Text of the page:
Thanks to the Building on Basics 2 tax that was recently approved by Fort Collins voters, there’s a fair bit of funding currently available for some City Park upgrades. The Parks staff is only in fairly early stages of thinking about a redesign, but the changes could be anywhere from simply upgrading what’s currently there to radically rethinking how the park is organized and accessed.

At the “City Park Tomorrow” meeting held at the Lincoln Center on March 7th, four concepts were presented to residents. One involved an upgrade to what’s there. The other three each involved crafting a redesign around one particular focal point — a trolley garden, the lake shore, or the play areas. In each of the four designs, changes would be made to parking, through streets, and facilities for bicycling and walking. In fact, one of the key concerns that’s driving the redesign is safety issues, particularly for pedestrians accessing the City Park Pool.

The City Park project goals as explained at the meeting on March 7th.

The City Park project goals as explained at the meeting on March 7th.

Three of the ten project goals include transportation (not including the kids’ train). Safety and connectivity are important concerns.

City Park has changed quite a bit since it was first purchased by the city and opened to the public in 1912.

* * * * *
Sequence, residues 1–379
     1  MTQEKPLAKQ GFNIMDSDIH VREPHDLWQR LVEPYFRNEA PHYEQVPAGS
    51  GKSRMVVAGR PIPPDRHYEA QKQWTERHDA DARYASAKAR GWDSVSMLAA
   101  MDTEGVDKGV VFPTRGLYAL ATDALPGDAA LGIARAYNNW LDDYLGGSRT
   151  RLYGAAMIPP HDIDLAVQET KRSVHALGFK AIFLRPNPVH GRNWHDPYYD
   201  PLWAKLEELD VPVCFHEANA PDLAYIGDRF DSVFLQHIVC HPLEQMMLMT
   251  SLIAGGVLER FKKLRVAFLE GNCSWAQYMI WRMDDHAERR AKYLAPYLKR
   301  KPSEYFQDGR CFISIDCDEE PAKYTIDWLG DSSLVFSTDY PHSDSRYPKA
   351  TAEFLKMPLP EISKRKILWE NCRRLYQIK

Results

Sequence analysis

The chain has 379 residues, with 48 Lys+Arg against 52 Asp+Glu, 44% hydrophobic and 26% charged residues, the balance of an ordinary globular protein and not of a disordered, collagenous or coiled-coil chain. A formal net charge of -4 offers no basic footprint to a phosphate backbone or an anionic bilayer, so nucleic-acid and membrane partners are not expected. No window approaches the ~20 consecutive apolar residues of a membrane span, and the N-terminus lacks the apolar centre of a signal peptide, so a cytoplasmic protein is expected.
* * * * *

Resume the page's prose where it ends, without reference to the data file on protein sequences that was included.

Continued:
City Park has changed quite a bit since it was first purchased by the city and opened to the public in 1912.

I’m really used to City Park the way it is. So the idea of wiping out streets and moving trains, playgrounds, and other facilities was a lot for me to take in at first. But with a little nudge from the idea boards, I began to see the advantages of starting with a blank slate and rethinking the park. One important item to note, though, is that the beautiful big trees that are a defining feature of the park will stay. Any rearrangement of streets, walkways, shelters, playgrounds, or trains and trollies will take into account the trees that are already there.

The City Park “Existing Improved” Concept

The "Existing Improved" plan involves the least change.

The “Existing Improved” plan involves the least change.

The “Existing Improved” plan would keep most areas of the park largely the same with some upgrades along the waterfront and some other areas. But it would include two key changes — the kids train will be moved and a small section of the street in front of the pool would be blocked from having through traffic.